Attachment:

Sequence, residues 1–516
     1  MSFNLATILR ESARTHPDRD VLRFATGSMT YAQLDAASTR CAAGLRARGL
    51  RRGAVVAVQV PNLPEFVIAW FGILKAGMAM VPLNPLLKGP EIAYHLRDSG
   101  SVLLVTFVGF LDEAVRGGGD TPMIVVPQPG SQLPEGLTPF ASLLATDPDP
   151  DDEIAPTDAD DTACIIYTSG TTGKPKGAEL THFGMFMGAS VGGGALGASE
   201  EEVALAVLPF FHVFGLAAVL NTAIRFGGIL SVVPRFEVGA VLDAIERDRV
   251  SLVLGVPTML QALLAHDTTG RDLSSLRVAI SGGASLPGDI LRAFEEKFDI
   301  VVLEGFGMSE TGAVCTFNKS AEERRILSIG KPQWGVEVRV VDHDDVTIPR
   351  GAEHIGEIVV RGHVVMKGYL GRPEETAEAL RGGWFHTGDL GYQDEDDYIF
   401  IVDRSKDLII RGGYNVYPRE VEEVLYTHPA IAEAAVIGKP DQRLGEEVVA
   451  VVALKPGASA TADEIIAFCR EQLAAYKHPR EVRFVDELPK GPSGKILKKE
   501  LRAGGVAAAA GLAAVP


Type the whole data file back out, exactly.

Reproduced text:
Sequence, residues 1–516
     1  MSFNLATILR ESARTHPDRD VLRFATGSMT YAQLDAASTR CAAGLRARGL
    51  RRGAVVAVQV PNLPEFVIAW FGILKAGMAM VPLNPLLKGP EIAYHLRDSG
   101  SVLLVTFVGF LDEAVRGGGD TPMIVVPQPG SQLPEGLTPF ASLLATDPDP
   151  DDEIAPTDAD DTACIIYTSG TTGKPKGAEL THFGMFMGAS VGGGALGASE
   201  EEVALAVLPF FHVFGLAAVL NTAIRFGGIL SVVPRFEVGA VLDAIERDRV
   251  SLVLGVPTML QALLAHDTTG RDLSSLRVAI SGGASLPGDI LRAFEEKFDI
   301  VVLEGFGMSE TGAVCTFNKS AEERRILSIG KPQWGVEVRV VDHDDVTIPR
   351  GAEHIGEIVV RGHVVMKGYL GRPEETAEAL RGGWFHTGDL GYQDEDDYIF
   401  IVDRSKDLII RGGYNVYPRE VEEVLYTHPA IAEAAVIGKP DQRLGEEVVA
   451  VVALKPGASA TADEIIAFCR EQLAAYKHPR EVRFVDELPK GPSGKILKKE
   501  LRAGGVAAAA GLAAVP